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China

In China, Soap Made From Human Breast Milk

Breast milk soap
Breast milk soap

BEIJING — According to Beijing Youth Daily, soap made from breast milk is one of China's latest fads. Just type in "breast milk soap" on Taobao, China's biggest e-commerce site, and 88 pages of breast milk-related products are in display.

Apart from those selling soaps made with the breast milk of new mothers — at prices ranging from $3 to $16 — even more sites are selling kits allowing people to make their own. Obviously there is a market, and a big one.

When the Beijing Youth Daily asked whether it was safe for people to use the products, a woman who breastfeeds and sells her own soap responded, "How can it be unhealthy if my own baby is drinking this milk?"

Because these products are homemade and their sales are through the Internet, they elude China's regulatory measures. But one dermatologist told the newspaper, “Whether it's blood or breast milk, they are all body fluids. They may transfer diseases when in contact."

He also said that certain producers add ingredients such as honey to make the soaps smell better. But without appropriate sterilization procedures, these soaps are likely to breed bacteria. "The result is the more one washes, the dirtier one gets!"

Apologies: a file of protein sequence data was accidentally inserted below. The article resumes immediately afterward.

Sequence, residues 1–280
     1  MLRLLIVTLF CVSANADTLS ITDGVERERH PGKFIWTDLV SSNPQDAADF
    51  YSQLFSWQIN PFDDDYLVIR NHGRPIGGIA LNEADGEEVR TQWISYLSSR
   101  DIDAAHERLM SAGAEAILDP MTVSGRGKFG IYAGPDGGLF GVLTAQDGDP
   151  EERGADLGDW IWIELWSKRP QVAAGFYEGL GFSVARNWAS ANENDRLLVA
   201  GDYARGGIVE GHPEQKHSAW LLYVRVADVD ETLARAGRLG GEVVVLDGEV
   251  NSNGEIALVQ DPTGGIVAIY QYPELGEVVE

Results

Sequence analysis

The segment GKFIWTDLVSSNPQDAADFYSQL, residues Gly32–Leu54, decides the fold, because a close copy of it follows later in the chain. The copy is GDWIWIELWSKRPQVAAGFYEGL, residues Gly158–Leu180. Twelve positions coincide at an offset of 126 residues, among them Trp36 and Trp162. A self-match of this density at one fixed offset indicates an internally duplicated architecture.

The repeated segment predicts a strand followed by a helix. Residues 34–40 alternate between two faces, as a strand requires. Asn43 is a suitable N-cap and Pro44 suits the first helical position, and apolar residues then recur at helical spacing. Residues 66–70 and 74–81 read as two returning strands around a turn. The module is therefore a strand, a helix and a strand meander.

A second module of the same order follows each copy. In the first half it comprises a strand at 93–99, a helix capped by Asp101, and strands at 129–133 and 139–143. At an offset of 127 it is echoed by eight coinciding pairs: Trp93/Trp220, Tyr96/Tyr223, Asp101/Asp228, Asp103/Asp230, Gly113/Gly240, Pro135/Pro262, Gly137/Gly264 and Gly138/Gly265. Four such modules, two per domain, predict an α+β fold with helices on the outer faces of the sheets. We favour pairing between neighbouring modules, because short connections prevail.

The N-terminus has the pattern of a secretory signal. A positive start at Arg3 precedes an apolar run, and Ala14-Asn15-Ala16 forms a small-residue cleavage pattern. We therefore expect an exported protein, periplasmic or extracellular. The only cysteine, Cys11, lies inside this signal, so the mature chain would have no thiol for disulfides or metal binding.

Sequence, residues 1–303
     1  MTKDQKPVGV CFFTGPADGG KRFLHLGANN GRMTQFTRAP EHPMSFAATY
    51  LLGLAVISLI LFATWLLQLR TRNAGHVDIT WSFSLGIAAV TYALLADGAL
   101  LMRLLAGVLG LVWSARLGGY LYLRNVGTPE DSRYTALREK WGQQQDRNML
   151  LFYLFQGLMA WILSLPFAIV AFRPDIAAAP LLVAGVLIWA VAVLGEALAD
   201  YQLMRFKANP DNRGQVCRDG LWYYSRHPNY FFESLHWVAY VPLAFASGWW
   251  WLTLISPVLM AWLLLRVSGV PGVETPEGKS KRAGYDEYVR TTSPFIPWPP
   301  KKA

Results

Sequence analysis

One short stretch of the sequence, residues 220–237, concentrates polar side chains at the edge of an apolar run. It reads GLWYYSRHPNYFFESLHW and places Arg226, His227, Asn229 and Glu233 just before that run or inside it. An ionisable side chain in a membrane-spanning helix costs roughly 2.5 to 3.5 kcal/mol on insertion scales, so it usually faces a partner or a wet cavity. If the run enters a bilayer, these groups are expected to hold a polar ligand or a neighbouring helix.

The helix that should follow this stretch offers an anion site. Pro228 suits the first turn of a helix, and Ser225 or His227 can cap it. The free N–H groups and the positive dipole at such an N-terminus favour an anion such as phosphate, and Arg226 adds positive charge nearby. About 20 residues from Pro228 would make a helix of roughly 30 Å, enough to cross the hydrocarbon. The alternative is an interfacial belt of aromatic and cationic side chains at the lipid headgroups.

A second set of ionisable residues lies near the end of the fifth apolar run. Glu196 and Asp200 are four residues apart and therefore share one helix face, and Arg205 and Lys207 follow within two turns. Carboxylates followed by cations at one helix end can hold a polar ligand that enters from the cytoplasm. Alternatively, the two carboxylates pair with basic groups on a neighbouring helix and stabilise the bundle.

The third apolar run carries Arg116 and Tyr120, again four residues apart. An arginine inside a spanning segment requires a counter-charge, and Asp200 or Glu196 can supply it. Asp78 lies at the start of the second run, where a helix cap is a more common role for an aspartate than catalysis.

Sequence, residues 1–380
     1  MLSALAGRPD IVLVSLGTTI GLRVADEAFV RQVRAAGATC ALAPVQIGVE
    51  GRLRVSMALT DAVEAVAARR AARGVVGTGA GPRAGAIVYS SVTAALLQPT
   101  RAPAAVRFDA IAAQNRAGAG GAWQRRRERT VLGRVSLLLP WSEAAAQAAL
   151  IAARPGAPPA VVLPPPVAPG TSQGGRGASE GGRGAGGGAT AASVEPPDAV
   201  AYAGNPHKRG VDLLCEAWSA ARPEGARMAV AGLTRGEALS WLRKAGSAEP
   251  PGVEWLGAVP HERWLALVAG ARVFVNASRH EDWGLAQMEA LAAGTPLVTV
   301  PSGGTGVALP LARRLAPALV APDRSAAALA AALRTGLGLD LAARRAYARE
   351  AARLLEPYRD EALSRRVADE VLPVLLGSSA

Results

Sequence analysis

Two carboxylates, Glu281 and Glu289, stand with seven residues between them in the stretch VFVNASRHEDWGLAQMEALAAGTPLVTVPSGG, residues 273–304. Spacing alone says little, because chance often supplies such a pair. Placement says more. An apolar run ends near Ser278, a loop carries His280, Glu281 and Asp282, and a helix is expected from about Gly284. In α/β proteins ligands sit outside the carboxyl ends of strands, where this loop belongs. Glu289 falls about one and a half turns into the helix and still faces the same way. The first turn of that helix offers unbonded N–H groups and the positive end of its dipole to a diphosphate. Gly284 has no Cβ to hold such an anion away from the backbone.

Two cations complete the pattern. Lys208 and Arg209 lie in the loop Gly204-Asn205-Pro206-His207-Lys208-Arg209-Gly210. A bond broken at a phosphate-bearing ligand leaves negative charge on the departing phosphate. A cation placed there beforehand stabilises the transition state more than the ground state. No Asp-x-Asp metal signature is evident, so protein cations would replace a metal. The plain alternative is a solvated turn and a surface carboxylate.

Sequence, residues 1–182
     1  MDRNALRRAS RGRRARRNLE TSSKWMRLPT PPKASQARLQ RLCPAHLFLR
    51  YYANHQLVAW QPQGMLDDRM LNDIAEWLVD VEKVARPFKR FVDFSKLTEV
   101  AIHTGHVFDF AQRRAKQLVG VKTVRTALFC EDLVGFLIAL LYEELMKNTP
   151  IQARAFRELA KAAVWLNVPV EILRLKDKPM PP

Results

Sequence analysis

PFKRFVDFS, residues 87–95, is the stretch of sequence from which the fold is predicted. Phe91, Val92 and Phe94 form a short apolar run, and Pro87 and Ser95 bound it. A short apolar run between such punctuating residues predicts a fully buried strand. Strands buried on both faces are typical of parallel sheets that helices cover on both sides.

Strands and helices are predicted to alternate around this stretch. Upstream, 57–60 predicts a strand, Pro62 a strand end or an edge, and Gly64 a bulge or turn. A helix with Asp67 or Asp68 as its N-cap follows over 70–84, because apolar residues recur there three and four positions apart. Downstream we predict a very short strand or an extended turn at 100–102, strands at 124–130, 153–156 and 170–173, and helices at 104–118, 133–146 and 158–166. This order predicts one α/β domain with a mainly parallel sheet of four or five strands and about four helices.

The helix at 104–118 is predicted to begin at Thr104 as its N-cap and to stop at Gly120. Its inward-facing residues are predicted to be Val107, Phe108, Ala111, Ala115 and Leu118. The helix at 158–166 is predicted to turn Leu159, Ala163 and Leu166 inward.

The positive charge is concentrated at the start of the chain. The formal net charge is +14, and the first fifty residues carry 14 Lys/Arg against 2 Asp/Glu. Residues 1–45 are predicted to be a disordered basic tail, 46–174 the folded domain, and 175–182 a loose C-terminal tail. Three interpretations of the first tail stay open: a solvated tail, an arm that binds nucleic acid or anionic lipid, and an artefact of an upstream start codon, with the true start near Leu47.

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Society

Parenthood And The Pressure Of Always Having To Be Doing Better

As a father myself, I'm now better able to understand the pressures my own dad faced. It's helped me face my own internal demands to constantly be more productive and do better.

Photo of a father with a son on his shoulders

Father and son in the streets of Madrid, Spain

Ignacio Pereyra*

-Essay-

When I was a child — I must have been around eight or so — whenever we headed with my mom and grandma to my aunt's country house in Don Torcuato, outside of Buenos Aires, there was the joy of summer plans. Spending the day outdoors, playing soccer in the field, being in the swimming pool and eating delicious food.

But when I focus on the moment, something like a painful thorn appears in the background: from the back window of the car I see my dad standing on the sidewalk waving us goodbye. Sometimes he would stay at home. “I have to work” was the line he used.

Maybe one of my older siblings would also stay behind with him, but I'm sure there were no children left around because we were all enthusiastic about going to my aunt’s. For a long time in his life, for my old man, those summer days must have been the closest he came to being alone, in silence (which he liked so much) and in calm, considering that he was the father of seven. But I can only see this and say it out loud today.

Over the years, the scene repeated itself: the destination changed — it could be a birthday or a family reunion. The thorn was no longer invisible but began to be uncomfortable as, being older, my interpretation of the events changed. When words were absent, I started to guess what might be happening — and we know how random guessing can be.

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